Avian Phylogenomics. The collection of DNA sequence data from thousands of genome-wide markers to answer evolutionary questions is now common. At the same time, phylogenetic techniques that make use of such large data sets in a coalescent framework have become available. I take advantage of these advances to revisit difficult phylogenetic problems in the avian tree of life, including songbirds, white-eyes, and trogons.
Biogeography. The high rate of endemism and complex geological history of the archipelagos of Southeast Asia present an exciting setting for uncovering avian diversification patterns and biogeographic history. In the Philippine archipelago, I use a phylogenetic framework in clarifying patterns of endemism, tempo and mode of assembly of different avian lineages.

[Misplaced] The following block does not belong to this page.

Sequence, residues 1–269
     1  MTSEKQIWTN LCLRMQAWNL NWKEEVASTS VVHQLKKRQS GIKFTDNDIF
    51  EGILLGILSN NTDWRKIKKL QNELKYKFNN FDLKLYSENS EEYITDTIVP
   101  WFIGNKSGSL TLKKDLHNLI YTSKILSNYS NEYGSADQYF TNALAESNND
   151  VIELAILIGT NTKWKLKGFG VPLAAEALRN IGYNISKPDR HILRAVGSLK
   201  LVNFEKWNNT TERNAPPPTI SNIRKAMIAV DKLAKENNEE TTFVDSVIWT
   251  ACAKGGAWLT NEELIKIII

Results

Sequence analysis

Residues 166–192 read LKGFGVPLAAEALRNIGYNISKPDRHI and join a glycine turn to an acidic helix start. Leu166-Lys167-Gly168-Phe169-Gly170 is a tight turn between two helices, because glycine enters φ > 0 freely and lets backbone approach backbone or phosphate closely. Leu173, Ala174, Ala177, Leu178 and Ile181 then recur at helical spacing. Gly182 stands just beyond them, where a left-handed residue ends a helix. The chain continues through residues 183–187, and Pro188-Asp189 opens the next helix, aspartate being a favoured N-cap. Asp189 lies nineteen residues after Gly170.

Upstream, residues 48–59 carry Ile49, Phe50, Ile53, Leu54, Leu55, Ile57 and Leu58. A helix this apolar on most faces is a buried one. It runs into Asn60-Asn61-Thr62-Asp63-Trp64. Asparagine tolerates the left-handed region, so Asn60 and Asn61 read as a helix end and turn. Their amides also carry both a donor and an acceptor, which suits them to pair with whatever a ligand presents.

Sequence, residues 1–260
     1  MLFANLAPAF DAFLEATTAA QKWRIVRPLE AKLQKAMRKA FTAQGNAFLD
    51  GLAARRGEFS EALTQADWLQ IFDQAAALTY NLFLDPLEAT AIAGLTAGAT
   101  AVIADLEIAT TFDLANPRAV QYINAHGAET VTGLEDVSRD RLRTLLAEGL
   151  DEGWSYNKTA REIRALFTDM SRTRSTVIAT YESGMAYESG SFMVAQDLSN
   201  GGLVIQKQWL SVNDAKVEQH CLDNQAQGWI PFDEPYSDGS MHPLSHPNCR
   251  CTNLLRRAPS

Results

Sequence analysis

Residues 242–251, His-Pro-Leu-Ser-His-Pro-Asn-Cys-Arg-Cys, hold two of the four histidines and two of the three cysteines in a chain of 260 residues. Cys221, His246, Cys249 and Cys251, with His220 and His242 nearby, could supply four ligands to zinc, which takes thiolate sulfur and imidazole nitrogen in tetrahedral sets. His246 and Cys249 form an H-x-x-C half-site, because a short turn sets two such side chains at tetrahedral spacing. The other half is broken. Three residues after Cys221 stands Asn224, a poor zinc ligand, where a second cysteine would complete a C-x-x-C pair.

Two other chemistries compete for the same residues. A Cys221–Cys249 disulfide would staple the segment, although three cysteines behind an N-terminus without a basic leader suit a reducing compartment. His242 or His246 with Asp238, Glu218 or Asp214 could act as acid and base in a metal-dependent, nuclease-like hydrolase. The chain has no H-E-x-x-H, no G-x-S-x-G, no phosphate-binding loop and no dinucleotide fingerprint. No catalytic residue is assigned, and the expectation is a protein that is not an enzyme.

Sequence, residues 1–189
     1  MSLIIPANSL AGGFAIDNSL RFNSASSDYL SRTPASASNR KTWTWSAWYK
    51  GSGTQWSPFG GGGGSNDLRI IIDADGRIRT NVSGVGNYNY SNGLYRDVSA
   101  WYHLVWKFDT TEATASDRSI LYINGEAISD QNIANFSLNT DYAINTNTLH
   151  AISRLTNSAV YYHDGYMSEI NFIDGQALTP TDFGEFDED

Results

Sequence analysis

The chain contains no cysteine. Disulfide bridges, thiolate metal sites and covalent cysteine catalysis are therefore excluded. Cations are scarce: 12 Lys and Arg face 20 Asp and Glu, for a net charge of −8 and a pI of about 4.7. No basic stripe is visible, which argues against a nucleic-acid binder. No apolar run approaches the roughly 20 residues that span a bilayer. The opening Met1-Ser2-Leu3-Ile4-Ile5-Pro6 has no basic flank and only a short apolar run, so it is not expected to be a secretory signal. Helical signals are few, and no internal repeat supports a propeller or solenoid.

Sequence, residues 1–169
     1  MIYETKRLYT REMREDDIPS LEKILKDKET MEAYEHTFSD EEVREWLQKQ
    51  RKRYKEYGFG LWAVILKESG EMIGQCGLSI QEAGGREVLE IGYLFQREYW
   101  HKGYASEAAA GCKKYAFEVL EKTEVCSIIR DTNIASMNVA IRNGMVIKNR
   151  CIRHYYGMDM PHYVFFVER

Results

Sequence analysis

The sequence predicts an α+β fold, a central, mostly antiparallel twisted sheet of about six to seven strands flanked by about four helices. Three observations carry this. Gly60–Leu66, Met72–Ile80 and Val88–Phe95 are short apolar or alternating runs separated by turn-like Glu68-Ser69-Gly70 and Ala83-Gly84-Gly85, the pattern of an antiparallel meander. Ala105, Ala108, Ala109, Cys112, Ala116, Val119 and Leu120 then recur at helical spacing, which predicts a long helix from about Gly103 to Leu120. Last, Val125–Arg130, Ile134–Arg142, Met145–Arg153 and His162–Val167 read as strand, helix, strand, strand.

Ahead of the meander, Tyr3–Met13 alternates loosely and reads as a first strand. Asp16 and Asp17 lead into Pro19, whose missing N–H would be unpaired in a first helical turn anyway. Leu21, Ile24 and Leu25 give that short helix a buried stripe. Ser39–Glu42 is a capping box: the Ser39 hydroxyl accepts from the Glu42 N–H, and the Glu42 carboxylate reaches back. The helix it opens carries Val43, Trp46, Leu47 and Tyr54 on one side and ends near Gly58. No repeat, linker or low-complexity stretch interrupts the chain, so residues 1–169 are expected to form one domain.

Documenting Biodiversity. In insular Southeast Asia, as in many tropical regions, basic ornithological work is severely lacking. My career in ornithology started when colleagues and I discovered and described the Calayan Rail, a flightless bird species endemic to a small island in northern Philippines. This discovery made me realize the opportunities of studying birds in the region. Since then, I have helped describe two other new bird species and put together several species inventories. In studying the biogeography of the region in a phylogenetic framework, we uncover study after study the inadequacy of current avian taxonomy that underestimates diversity in the region. I plan on continuing this basic but necessary work that impacts conservation policy in a region with high pressures on its fauna and flora.